My Semla Obsession

Tomorrow will be Fat Tuesday (or Shrove Tuesday) and that means you must do two things:

1. Have a semla!

2. Have more semlor (plural form).

Semla is a Swedish cream-filled bun traditionally consumed in January-February, around Carnival period. In Finnish is called laskiaispulla and it is popular all over Scandinavia and Baltic region. The bun has its top cut off, and is then filled with almond paste and topped with whipped cream.

Here is a video (in Swedish) about the best places to have a semla in Stockholm.

Although I am personally one of its biggest fans, I admit this dessert can be pretty heavy to digest.

On February 12th 1771, king Adolf Frederick of Sweden tried to recover from the defeat in Russo–Swedish War having a meal consisting of “lobster, caviar, sauerkraut, smoked herring and champagne, which was topped off by fourteen helpings of hetvägg, the king’s favorite dessert”. He died of indigestion later that night. History.

The semla frenzy is so big in this country that someone even created a “semla counter” to count how many of this pieces of paradise are eaten every year. For your information: the answer is roughly 20,000,000 every year. Actually since this bun is available in stores only from mid-January to mid-March, Swedes (and tourists) eat 20 million semlas in less than 3 months. The website also shares quick facts about culture and life in Sweden.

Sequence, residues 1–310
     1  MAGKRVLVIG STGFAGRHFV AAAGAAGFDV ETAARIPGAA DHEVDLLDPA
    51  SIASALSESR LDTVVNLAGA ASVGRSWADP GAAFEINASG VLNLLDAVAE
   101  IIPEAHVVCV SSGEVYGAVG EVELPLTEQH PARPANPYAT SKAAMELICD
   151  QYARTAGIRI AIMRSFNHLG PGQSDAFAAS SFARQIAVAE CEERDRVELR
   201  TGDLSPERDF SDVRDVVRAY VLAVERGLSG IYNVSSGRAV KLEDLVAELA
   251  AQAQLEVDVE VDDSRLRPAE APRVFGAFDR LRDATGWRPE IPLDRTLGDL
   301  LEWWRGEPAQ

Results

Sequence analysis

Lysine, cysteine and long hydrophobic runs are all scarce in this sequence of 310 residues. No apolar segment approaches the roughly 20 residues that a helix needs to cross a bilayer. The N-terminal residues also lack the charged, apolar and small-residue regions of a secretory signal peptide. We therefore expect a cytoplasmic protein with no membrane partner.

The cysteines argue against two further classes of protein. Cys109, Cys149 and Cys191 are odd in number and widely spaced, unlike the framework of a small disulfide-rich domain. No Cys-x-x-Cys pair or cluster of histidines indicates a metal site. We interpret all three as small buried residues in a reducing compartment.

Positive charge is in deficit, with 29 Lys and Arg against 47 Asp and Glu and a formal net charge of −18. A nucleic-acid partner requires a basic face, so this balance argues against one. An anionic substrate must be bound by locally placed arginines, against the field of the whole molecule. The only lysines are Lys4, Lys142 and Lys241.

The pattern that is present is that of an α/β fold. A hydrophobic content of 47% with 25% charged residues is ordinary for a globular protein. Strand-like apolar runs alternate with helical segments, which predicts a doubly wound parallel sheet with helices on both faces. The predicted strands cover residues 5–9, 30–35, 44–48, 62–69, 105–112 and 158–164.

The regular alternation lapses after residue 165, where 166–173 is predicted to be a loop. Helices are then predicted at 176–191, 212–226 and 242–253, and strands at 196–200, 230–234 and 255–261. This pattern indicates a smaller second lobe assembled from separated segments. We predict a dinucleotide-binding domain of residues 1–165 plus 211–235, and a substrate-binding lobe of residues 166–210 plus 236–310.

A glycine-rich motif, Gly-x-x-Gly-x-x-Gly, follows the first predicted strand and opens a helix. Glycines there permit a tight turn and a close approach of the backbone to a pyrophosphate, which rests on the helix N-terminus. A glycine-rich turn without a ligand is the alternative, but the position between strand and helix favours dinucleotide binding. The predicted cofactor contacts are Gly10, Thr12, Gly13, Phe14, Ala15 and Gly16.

Now, I know what many of you might think but that’s what I found on Wikipedia: “The name semla is a loan word from German Semmel, originally deriving from the Latin simila, meaning ‘flour’, itself a borrowing from Greek σεμίδαλις (semidalis), “groats”. True story.

…Don’t worry Scandinavians, you don’t have to thank us Mediterraneans. Just pass me another semla and we are even!